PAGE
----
The Riders

In a 2013 opinion piece ‘Misogyny lurks in Winton's world of fiction’, Nicolle Flint weighed up Tim Winton’s various representations of male and female character in his novels and concluded:

…These female characters appear stereotypical. They ''bother''. What remains most remarkable about Tim Winton's writing, in the context of ongoing allegations of sexism and misogyny, is that the literary left leaves the handiwork of one of our most revered cultural icons unexamined. ''Sometimes,'' as Bob Dylan once sang, ''the silence can be like thunder.''

Bob Dylan also sang ‘The Times, they are a-changing”, and Winton has spoken directly about such accusations. (Guardian interview with Gay Alcorn, 2018):

I’m writing outside the enclave of the inner city, and what’s happening in the world that I’m seeing is that women are having a harder trajectory than men. And if there has to be a body count, does nobody seem to notice that most of the men in my books are doing badly?

Fred Skully – protagonist of Tim Winton’s 1994 novel The Riders is one of those men who are doing badly. As the story opens, Skully is alone in a house in ruins in wintry Ireland, working with his hands, waiting for the arrival of his wife and daughter, who have temporarily returned to Perth to sell the house. This is not a new book so I can probably comment freely on the plot. She doesn’t turn up. Only the kid arrives at the airport, and Skully goes searching: to Greece (Hydra), to Paris, and lastly to Amsterdam. Glimpsed but never seen, Jennifer is a ghostly malevolent spirit to counterbalance the ghostly “riders” – manly spirits from another time, who suffer in the darkness and cold of an abandoned castle in walking distance from Skully’s Irish home and provide him some strange comfort.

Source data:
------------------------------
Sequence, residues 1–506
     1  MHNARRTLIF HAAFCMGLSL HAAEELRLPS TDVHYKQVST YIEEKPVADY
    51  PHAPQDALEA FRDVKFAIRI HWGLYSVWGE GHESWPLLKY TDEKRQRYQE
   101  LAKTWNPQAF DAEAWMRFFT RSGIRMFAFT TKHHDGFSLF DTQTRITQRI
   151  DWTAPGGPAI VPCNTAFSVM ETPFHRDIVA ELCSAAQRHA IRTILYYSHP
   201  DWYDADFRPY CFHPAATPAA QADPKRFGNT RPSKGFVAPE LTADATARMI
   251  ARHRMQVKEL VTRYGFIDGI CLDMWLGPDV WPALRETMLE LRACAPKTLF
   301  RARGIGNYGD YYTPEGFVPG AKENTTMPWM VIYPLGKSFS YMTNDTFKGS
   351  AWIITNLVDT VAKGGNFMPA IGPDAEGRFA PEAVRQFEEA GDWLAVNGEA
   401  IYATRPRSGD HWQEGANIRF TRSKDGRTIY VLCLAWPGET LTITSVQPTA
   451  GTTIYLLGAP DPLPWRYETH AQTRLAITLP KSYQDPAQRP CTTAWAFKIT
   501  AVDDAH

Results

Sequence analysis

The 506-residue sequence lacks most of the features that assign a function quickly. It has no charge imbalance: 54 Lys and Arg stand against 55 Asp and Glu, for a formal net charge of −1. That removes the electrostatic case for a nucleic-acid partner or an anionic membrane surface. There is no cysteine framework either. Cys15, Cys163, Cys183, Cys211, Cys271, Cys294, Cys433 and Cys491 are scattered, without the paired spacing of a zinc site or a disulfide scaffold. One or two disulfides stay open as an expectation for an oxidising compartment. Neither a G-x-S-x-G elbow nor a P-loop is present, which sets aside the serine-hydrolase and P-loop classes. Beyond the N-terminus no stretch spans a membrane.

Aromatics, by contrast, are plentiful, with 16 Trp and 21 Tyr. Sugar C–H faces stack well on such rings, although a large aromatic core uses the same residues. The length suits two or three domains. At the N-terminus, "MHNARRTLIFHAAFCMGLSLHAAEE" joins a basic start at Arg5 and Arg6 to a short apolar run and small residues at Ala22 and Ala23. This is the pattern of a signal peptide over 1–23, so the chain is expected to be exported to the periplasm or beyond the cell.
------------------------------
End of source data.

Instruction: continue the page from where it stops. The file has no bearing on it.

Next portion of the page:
As a child Billy is a good sort – but it is true that otherwise the female cast is sly and manipulate, and Skully gets nowhere in his interrogation of their mutual friends in London, Paris or Hydra. Some of this might be explained by Skully’s unfortunate visage: he may not be as aggressive but he looks it; who would take a chance? Some of Skully’s unattractiveness to others is more class than gender-based: he’s not as well read or as “artistic” as the crowd of bohemians and would-be-sophisticates that have drawn Jennifer away from her husband into the world of dreams and talents and alluring genius. As the story progresses, Skully is somewhat punished for his unforgivable acts – such as matching English "con-woman" Irma (drunken seduction, theft) – arrested in Amsterdam for a messy grab at a transvestite Jennifer look-a-like in a sex shop. Ultimately he returns to Ireland to start again. When Billie observes him with the Riders she thinks: ‘with his wild hair and arms, his big eyes streaming in the firelight turned up like theirs to the empty windows of the castle he was almost one of them. Waiting, battered, disappointed’ (p.377).

It would not be hard to make a case for misogyny in reading The Riders in 2020 (shortlisted for the Booker Prize in the 90s as it was). Equally, Winton’s defense is laid out in the book: a jealous, limited man can’t catch up with his woman: his time is past – he is culturally lost, historically adrift, alone in the countryside with Pete-the-Post and Billie the kid. Away from inner city Sydney and Melbourne, far from the Utopian Greek islands and bohemian Paris, life isn’t easy for Skully – and virtue does not sit easily with desperation.


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